As Hiss makes us aware in the next scene, this is the height of evil, a step gone too far—they’ve arrested and plan to execute “a man of the Church.”  I suspect the full implications of this are lost on today’s audience; it seems Prince John has inherited his father Henry II’s penchant for overstepping Church-State boundaries.

17) Prince John stews, then plots.

Moving toward the climax—the antagonist makes the first move. Prince John decides to use Friar Tuck as bait to capture Robin Hood.

18) The Sheriff makes a gallows; Robin Hood finds out about Friar Tuck

Conflict: Robin Hood needs information about what is going on.  He obtains it in disguise from the clueless Sheriff, but not without having to turn aside the suspicions of his guard. It moves the plot forward.

19) The Jailbreak.  The Treasury-break.  CLIMAX.

I’m going to count the entire jailbreak episode as one scene.  It could be broken up into a series of smaller conflicts, each with their own resolution, for or against Robin Hood.  But I think it functions as a whole.

The entire climax moves from heightened conflict to even more heightened conflict, to the pinnacle of conflict—literally so, as Robin Hood is driven to the top of the castle and forced to jump down into the moat to escape—forced to jump to his probable death.  In the end, Robin Hood chooses martyrdom.

(Act Four martyrdom. Paging Larry Brooks!)

The scene is an appropriate response to the set-up preceeding it—we’re prepared and anticipating this specific conflict.  It’s the most direct; it’s also both the protagonistic and antagonistic forces at their fullest.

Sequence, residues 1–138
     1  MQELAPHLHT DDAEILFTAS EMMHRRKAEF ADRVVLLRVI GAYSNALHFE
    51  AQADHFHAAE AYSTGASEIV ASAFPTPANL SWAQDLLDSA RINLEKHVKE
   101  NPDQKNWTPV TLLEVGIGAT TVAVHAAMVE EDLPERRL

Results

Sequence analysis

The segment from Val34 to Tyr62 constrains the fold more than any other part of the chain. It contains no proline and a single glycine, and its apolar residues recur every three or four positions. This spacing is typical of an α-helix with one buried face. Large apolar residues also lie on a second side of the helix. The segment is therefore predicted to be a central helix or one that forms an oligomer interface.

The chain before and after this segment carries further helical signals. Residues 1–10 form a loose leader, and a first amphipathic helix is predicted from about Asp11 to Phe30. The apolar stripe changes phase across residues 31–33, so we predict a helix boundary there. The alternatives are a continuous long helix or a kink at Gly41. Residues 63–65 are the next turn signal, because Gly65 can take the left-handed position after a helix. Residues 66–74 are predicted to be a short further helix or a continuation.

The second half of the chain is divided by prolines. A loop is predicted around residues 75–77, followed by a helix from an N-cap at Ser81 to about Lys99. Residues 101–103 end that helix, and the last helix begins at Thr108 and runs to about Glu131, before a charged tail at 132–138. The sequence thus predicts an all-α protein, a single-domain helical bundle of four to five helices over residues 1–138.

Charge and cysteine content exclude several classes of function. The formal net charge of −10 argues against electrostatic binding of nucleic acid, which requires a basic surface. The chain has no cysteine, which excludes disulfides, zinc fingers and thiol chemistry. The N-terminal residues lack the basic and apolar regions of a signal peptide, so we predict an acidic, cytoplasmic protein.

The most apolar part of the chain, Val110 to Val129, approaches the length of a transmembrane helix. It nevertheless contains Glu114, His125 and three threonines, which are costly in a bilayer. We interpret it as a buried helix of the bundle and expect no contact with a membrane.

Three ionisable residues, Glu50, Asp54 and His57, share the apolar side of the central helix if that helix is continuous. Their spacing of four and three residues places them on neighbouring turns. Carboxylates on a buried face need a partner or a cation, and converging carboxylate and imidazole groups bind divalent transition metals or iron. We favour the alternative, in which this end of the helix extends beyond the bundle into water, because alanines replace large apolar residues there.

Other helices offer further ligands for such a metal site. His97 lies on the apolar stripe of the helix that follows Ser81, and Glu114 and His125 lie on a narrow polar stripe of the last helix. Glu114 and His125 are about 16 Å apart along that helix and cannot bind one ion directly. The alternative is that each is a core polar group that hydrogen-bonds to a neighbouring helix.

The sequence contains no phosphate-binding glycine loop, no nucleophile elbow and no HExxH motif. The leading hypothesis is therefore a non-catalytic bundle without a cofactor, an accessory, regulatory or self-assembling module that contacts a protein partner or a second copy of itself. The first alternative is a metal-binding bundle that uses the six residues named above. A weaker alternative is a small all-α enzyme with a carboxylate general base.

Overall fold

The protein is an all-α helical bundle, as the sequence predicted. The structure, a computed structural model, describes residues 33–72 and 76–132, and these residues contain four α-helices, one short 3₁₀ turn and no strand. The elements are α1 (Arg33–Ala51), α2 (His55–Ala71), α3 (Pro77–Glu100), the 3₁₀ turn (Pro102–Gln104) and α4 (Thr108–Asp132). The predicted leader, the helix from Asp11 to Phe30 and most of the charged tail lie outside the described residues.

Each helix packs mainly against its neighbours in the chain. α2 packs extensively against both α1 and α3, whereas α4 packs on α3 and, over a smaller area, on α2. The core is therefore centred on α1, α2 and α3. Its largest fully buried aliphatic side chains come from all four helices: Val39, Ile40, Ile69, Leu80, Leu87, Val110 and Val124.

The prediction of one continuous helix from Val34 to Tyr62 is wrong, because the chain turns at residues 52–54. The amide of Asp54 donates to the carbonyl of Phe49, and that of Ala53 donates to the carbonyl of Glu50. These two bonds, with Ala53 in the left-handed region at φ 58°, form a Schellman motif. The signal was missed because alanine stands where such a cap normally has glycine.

Plus, the stakes are high: rescuing the innocent, who are now at risk for death (they’re being shot at!), and robbing Prince John of his unjust wealth motivate the heroes to risk their lives for others.  We know from the previous scene that Robin’s capture will entail “a double hanging”—his and Friar Tuck’s.

In the end, our hero emerges from the moat water victorious, and Prince John’s actions have destroyed his entire self, as represented by his “mother’s castle.”

20) Resolution.

King Richard returns, fixes everything, Robin gets married.  Happily Ever After.

See?  I told you it was a near-perfect plot.  20 scenes and not a one of them out of place, all working toward the end goal: defeat Prince John.  The pacing is great, the goals/motivations/conflicts are great, and the motion from Orphan, to Wanderer, to Warrior, to Martyr is perfect.